- Only at Byliner
I am a daughter of commercials. To me, every melody has a product attached, every chord a plastic wrapper, a leather interior, a glistening drop of retsyn. I have come to believe in the art behind consumerism, in the you-can-dance-to-itness that fuels the enthusiasm of target markets. I grew up in a family that talked during the television show and was hushed for the ads. I grew up with an understanding of the artistry of salesmanship sternly imprinted in that channel that runs between the ear and optic nerve. My father is a composer. The formative years of his career, which he began at age forty, after years in academia, were spent writing commercial jingles. Despite his subsequent forays into more “serious” forms, orchestral arranging, brief stints with the Boston Pops, commercials are still his mainstay, the softer bread, the better butter.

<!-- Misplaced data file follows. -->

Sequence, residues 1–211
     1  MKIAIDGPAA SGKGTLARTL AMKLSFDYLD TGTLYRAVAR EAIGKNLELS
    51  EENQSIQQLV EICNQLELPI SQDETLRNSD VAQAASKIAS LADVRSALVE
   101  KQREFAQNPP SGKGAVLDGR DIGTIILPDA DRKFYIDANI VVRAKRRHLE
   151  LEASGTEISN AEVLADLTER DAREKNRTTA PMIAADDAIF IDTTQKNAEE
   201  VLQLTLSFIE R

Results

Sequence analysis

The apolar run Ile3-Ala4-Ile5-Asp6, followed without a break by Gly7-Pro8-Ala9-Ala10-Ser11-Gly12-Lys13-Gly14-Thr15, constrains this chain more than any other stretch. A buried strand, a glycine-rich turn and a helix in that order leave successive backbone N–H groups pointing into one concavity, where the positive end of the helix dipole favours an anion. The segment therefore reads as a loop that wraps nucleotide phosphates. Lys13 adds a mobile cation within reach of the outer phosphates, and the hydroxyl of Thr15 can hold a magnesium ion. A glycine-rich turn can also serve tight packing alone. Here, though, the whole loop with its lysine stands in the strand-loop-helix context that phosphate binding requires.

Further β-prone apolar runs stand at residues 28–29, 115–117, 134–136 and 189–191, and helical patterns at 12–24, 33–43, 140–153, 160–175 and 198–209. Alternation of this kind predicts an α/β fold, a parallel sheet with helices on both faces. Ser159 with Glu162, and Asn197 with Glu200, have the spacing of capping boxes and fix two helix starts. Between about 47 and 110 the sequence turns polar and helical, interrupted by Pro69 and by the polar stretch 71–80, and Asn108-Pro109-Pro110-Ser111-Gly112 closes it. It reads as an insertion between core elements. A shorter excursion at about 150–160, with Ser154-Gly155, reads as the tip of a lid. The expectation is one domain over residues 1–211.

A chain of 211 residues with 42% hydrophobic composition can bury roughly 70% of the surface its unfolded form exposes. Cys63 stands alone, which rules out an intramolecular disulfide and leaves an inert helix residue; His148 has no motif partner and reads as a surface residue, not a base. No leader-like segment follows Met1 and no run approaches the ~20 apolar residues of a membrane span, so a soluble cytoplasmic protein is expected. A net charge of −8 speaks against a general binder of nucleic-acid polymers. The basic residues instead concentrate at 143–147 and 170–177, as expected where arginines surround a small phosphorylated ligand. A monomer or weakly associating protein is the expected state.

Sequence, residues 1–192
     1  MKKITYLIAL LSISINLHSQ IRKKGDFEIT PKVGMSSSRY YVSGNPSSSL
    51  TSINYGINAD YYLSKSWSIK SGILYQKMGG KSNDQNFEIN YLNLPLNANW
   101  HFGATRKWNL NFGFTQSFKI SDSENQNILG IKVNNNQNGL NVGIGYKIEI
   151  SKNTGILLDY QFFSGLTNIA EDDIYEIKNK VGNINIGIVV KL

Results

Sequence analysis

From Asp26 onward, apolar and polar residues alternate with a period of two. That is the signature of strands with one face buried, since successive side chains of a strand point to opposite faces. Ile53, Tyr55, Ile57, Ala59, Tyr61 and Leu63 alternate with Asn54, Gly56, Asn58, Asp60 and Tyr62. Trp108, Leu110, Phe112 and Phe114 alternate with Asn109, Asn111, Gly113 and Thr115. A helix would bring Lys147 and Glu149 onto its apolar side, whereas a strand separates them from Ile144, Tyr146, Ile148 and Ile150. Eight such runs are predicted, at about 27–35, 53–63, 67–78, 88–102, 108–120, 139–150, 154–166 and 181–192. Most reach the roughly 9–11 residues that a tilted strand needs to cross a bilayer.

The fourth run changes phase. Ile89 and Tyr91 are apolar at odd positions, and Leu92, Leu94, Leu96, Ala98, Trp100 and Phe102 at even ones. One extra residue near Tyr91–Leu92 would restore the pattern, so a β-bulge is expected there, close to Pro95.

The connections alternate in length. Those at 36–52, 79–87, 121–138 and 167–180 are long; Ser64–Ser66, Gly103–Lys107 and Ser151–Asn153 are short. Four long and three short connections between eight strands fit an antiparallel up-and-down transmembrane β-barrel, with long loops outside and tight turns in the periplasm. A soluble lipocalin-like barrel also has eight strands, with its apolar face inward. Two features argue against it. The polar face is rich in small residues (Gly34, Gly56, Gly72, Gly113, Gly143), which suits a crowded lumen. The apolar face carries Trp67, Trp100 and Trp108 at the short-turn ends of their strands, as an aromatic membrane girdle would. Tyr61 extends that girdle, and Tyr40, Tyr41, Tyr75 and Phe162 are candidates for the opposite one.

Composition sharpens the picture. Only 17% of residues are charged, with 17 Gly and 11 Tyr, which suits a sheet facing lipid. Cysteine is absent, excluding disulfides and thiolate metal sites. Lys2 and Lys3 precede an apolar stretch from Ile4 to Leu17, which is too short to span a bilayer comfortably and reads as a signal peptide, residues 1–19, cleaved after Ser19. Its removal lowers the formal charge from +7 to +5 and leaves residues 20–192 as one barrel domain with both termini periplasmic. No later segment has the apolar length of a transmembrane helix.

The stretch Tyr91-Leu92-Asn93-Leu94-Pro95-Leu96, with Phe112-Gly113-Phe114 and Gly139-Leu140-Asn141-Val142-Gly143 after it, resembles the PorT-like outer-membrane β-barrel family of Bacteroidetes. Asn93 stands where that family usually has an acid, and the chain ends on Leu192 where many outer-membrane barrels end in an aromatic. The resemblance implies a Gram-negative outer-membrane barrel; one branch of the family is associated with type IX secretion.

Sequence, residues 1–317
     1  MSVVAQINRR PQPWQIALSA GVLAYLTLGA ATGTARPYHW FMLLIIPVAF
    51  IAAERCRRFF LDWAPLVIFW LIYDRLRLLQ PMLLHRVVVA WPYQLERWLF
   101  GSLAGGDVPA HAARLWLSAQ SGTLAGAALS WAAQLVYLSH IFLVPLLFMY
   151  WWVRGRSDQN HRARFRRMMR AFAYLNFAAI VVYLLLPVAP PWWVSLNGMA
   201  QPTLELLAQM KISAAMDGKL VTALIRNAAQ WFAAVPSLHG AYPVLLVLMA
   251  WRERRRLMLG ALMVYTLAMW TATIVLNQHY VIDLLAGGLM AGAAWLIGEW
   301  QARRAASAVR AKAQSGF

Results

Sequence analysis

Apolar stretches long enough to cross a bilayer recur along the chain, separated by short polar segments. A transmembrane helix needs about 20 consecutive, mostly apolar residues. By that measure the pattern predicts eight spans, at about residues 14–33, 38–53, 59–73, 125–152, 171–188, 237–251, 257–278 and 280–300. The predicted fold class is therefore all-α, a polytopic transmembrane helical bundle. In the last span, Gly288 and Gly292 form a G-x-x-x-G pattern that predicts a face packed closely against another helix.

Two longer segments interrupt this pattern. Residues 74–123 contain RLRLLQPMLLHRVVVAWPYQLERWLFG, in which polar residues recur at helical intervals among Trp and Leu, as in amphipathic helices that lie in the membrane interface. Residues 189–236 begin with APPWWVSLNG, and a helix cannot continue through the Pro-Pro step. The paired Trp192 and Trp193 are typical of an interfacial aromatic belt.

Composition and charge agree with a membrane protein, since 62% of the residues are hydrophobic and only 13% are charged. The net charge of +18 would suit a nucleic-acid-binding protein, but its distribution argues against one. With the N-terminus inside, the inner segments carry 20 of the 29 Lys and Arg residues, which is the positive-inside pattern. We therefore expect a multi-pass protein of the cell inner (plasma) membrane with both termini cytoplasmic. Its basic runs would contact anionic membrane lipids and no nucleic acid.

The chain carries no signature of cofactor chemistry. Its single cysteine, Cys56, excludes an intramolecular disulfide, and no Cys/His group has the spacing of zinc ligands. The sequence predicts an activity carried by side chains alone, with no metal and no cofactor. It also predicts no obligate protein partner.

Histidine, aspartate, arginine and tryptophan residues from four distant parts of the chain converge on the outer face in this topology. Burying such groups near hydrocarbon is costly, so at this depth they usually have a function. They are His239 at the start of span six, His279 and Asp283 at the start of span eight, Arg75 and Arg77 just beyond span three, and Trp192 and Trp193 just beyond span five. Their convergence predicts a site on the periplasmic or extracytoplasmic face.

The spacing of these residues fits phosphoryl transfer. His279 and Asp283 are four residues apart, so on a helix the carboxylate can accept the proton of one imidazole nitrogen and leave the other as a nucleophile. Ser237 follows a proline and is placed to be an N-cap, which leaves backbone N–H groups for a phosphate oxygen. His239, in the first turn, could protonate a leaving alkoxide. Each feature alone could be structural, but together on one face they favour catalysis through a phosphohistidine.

My father is a man whose mind cannot disengage itself from the sounds in the air. He cannot carry on conversations in loud restaurants. He cannot hear a person speaking if a radio is playing in the room. As his child, I heard music before I heard words. I understood rhythm before human speech, tonality before meaning. The song that lives permanently in my subconscious is not a lullaby or a nursery rhyme, but a jingle for Alamo Bank of Texas. This was my father’s first commercial venture. We lived in Austin at the time. I can still hear the particulars of the mix, the 100 percent Texas production, the mid-seventies vocals (Neil Sedaka ...